- Francophone Nations in West Africa to Move Reserves From France
Former French colonies in the West Africa region are planning to move their foreign reserves from France after years of ‘Path to Colonisation Agreement’ signed with france compelled them to maintain their foreign reserves with France, with right to access just 50 percent (previously 20 percent, later improved to 50 percent) of the previous year savings.
President Patrice Talon of Benin Republic made the statement last week during an interview with Radio France Internationale in France.
According to him, the eight-member nations of the West African Monetary Union had agreed to end the current foreign exchange model where reserves are kept with the French Treasury.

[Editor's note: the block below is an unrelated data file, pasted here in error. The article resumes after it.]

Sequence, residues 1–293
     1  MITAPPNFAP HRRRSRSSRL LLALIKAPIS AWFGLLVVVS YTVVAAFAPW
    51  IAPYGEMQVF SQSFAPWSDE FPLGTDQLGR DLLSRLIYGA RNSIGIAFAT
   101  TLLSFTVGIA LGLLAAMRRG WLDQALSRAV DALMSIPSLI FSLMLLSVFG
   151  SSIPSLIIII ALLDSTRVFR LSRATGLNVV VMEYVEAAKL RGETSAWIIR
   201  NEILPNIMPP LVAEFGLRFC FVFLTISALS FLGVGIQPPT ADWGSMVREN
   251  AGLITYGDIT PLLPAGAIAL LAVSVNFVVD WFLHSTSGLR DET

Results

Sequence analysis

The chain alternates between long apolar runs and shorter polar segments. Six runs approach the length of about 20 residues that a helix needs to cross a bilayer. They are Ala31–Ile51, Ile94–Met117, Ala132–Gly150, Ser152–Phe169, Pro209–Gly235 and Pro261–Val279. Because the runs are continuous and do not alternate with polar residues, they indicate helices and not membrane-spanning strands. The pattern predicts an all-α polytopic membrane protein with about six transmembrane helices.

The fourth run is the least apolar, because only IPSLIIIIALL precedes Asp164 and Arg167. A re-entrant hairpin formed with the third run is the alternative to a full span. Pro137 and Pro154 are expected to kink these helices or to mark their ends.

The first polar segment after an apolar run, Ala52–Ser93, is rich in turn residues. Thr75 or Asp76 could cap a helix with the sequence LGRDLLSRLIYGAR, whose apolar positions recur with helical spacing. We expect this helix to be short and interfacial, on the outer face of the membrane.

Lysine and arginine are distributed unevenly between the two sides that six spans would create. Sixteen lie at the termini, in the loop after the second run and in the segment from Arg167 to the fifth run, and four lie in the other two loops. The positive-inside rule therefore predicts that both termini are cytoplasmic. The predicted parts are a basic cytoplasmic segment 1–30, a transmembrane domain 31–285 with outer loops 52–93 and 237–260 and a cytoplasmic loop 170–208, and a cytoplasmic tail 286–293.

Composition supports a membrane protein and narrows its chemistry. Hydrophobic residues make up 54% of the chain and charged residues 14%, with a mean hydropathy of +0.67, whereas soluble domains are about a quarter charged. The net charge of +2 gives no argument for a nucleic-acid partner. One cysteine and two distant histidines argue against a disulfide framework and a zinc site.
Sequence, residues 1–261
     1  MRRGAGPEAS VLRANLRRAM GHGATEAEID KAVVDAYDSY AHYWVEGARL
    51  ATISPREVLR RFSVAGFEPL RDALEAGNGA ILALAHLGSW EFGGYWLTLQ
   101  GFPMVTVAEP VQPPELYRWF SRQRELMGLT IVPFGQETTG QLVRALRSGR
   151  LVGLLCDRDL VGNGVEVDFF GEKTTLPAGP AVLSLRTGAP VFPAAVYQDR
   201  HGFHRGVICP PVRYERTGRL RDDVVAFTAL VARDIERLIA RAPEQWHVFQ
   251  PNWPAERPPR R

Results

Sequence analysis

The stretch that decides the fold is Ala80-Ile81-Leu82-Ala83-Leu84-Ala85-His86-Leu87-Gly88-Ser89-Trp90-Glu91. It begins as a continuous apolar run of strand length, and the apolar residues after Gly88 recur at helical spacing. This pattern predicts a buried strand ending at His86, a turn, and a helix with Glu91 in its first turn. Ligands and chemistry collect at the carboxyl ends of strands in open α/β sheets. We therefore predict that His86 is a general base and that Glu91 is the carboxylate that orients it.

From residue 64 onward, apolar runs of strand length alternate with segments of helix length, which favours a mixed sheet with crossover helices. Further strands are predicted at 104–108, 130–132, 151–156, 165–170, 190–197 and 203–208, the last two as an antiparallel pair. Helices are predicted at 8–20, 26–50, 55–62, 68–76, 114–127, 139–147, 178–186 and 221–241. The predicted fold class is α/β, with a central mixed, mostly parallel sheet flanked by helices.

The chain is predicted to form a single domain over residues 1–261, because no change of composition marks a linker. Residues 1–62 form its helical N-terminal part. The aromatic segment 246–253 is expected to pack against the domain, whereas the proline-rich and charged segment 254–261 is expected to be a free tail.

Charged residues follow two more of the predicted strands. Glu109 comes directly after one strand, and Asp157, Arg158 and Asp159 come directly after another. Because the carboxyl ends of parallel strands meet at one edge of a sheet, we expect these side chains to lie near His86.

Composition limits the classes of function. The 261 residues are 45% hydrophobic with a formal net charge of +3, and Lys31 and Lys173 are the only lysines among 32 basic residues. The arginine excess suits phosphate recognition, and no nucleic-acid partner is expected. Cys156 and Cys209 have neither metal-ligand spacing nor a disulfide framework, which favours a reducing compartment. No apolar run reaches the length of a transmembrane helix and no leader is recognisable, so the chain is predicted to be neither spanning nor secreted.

“I can’t give you the date, but the willingness of everyone is already there,” Talon said in response to a reference to French Finance Minister Bruno Le Maire’s openness to a reform of the currency. “Psychologically, with regards to the vision of sovereignty and managing your own money, it’s not good that this model continues. ”
The CFA franc used by the eight nations is pegged to the euro and its exchange rate guaranteed by France.
Created after World War II, the franc has triggered several debates as economists blamed the region poverty on overdependence on France and limited monetary independence.
While its supporters have cited the region low inflation and currency stability when compared to other African nations as reasons for its continued use, others said these were artificials as these nations were the region poorest nations.